In his letter, Griffin said the proposal is intended to address the "second order effects" of COVID-19 to aid those suffering from financial loss as well as to prevent foreclosures and evictions. But Griffin said he was worried about potential recoupment.

"It would be of great benefit if Treasury identifies any deficiencies that create ineligibility and/or suggests modifications," he wrote. "The potential risk and exposure of county for recoupment makes the county hesitant to expend such a significant amount of funds in relation the County's future budgets absent some preliminary determination for the U.S. Department of the Treasury."

County officials said it was not clear if the proposal qualified for the use of CARES funds and that they did not wish to proceed with the proposal before receiving confirmation in writing from the U.S. Department of Treasury, which never happened.

Noack said he was frustrated with the Treasury's lack of written confirmation and felt the process was bureaucratic.

"Everybody thought we would be able to get the Treasury to sign off on this. It's really unfortunate," he said, adding that he simply wanted to give money back to the people.

Noack reportedly had one phone call with the Treasury and was told to "go back and read our guidelines," he said. Treasury officials also reportedly said residents would need to show proof that they were affected by COVID-19, he added.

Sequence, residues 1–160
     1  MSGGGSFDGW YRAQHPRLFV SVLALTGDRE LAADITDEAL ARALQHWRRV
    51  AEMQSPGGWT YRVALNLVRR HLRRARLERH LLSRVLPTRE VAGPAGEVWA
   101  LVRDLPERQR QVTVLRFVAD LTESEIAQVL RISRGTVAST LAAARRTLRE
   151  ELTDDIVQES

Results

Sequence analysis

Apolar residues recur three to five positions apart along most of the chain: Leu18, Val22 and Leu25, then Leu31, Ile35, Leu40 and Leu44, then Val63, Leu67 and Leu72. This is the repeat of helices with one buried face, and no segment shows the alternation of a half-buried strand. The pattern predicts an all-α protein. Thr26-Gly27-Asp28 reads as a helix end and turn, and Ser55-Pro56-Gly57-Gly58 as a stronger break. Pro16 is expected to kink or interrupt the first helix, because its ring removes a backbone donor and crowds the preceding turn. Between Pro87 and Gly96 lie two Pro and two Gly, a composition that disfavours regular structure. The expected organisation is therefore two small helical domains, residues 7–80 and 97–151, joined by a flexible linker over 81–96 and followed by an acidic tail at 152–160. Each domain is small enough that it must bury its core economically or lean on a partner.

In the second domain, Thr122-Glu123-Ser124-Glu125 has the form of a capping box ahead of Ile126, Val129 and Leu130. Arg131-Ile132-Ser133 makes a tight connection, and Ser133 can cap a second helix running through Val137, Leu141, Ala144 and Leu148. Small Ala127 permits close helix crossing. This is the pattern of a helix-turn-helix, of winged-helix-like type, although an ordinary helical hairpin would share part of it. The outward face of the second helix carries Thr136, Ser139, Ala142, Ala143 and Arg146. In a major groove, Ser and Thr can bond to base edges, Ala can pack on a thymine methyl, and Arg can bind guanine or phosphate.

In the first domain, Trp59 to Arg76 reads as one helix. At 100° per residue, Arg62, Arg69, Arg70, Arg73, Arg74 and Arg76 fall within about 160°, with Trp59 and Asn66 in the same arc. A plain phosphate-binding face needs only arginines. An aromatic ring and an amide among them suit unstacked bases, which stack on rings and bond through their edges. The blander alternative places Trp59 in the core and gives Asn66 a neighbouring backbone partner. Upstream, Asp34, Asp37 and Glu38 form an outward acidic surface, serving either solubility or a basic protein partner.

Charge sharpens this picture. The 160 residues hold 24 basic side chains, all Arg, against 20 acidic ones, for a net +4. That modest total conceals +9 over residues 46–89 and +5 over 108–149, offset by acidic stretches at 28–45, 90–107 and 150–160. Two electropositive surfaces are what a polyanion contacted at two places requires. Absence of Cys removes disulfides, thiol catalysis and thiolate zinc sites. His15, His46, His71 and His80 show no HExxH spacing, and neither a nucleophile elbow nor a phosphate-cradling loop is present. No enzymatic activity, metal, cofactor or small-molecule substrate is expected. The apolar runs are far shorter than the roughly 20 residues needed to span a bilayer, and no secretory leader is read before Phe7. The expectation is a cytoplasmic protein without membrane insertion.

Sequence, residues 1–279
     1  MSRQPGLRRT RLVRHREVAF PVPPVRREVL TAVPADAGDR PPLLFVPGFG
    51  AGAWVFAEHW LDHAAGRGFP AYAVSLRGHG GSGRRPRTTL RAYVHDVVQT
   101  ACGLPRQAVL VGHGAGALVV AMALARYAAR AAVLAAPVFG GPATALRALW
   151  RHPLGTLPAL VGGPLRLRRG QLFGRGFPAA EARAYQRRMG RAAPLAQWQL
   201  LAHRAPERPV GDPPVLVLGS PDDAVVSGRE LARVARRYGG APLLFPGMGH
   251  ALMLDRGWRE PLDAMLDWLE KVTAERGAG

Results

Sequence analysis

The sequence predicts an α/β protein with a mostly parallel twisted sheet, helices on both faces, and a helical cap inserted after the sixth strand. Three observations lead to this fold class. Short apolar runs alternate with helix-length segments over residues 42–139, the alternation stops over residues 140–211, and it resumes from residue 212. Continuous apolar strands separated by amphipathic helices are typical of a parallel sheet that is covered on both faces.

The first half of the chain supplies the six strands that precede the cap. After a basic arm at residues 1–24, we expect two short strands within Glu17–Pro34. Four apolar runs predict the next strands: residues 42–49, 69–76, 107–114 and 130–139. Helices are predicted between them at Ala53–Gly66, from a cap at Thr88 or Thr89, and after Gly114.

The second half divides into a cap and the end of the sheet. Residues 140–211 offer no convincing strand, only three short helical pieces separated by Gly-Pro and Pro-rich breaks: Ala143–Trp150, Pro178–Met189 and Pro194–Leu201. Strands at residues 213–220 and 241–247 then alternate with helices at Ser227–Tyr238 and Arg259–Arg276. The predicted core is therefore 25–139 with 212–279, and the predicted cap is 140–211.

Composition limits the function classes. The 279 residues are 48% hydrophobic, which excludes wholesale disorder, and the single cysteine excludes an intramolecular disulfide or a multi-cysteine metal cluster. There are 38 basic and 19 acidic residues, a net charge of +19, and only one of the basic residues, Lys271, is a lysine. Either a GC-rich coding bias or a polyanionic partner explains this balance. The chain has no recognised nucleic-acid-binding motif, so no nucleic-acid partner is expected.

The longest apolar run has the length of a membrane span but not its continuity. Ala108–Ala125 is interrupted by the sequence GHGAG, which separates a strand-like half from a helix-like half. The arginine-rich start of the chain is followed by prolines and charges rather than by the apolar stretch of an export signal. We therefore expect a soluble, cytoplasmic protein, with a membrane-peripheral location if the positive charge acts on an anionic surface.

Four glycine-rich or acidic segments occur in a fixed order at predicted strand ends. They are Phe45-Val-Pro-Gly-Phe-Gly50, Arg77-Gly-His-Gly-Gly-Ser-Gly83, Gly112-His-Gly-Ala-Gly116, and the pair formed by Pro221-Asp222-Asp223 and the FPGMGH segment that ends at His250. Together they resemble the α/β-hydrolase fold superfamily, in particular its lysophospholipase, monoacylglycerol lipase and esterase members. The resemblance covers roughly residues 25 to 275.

When asked if his proposal was presented to the public prematurely and if in hindsight he would have waited for further guidance, Noack said he was being transparent by publicly sharing what the county intended to do with its CARES funding.

"I needed to put this on the agenda and have a public meeting ... before we could even vet it to the U.S. Treasury," he added, referring to the Texas Open Meetings Act. "There was no way we could have sought their approval for a program that wasn't approved by the court."

Treasury officials did not provide a comment for publication.

Understanding the rules

Carp, who is based in Washington D.C., has experience negotiating governmental contracts and has been working daily with issues related to CARES funding. Carp said following up with the Treasury for approval of a proposal is not the correct process, and state and local governments are responsible for making their own determinations as to how to spend their money consistent with the guidelines.

"When the county decides what they want to do with the money, it is not necessary or even part of the process to submit their proposed expenditures to the Treasury," she said. "The Treasury would be overwhelmed trying to answer yes or no to proposals from state and local governments."